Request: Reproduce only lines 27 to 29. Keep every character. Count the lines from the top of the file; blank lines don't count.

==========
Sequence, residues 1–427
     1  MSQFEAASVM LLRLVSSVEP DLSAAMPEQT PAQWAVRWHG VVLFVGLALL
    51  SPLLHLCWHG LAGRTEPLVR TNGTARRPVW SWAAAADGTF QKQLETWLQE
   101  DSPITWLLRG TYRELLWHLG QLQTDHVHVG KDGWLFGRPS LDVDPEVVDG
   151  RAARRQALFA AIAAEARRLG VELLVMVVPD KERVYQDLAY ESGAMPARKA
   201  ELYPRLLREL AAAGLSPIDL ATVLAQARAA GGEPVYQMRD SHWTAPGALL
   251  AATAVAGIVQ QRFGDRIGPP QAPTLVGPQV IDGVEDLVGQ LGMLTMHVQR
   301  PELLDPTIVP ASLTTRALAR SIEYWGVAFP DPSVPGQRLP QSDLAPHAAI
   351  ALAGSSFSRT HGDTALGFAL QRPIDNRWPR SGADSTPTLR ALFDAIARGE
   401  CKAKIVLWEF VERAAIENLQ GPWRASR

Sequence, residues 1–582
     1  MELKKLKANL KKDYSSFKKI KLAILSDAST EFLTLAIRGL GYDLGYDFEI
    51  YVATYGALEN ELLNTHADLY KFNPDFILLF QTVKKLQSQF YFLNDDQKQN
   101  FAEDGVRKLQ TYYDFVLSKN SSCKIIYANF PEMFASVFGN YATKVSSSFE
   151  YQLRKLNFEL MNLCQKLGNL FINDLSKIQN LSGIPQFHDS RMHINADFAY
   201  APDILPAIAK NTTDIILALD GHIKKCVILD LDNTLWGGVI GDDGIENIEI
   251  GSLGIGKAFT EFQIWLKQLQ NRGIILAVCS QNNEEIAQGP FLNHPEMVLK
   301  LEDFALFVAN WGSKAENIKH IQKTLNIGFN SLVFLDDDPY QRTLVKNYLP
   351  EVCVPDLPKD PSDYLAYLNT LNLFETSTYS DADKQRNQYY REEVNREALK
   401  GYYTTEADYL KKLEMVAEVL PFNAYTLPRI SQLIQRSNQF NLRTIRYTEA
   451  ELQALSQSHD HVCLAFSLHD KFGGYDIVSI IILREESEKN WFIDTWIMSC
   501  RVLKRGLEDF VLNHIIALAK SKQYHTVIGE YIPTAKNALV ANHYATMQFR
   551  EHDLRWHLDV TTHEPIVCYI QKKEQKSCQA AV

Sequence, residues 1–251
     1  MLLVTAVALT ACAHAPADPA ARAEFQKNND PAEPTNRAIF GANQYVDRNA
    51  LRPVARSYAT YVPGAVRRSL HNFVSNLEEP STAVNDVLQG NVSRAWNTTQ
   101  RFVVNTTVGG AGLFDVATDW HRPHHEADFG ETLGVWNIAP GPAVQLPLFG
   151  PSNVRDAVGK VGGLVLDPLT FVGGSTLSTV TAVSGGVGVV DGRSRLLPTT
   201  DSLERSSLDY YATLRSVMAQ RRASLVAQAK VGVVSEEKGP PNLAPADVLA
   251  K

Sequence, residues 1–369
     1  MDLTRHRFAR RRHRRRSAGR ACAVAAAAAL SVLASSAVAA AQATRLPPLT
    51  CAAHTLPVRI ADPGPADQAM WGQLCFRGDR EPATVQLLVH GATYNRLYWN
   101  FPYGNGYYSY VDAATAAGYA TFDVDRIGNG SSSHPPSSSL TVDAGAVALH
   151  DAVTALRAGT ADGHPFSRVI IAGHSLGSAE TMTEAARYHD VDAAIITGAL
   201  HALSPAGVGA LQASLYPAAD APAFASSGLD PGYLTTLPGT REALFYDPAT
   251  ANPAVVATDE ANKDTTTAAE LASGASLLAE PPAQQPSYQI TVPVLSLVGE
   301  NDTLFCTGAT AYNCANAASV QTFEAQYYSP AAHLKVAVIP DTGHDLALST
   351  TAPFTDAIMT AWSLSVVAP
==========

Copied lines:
   101  RFVVNTTVGG AGLFDVATDW HRPHHEADFG ETLGVWNIAP GPAVQLPLFG
   151  PSNVRDAVGK VGGLVLDPLT FVGGSTLSTV TAVSGGVGVV DGRSRLLPTT
   201  DSLERSSLDY YATLRSVMAQ RRASLVAQAK VGVVSEEKGP PNLAPADVLA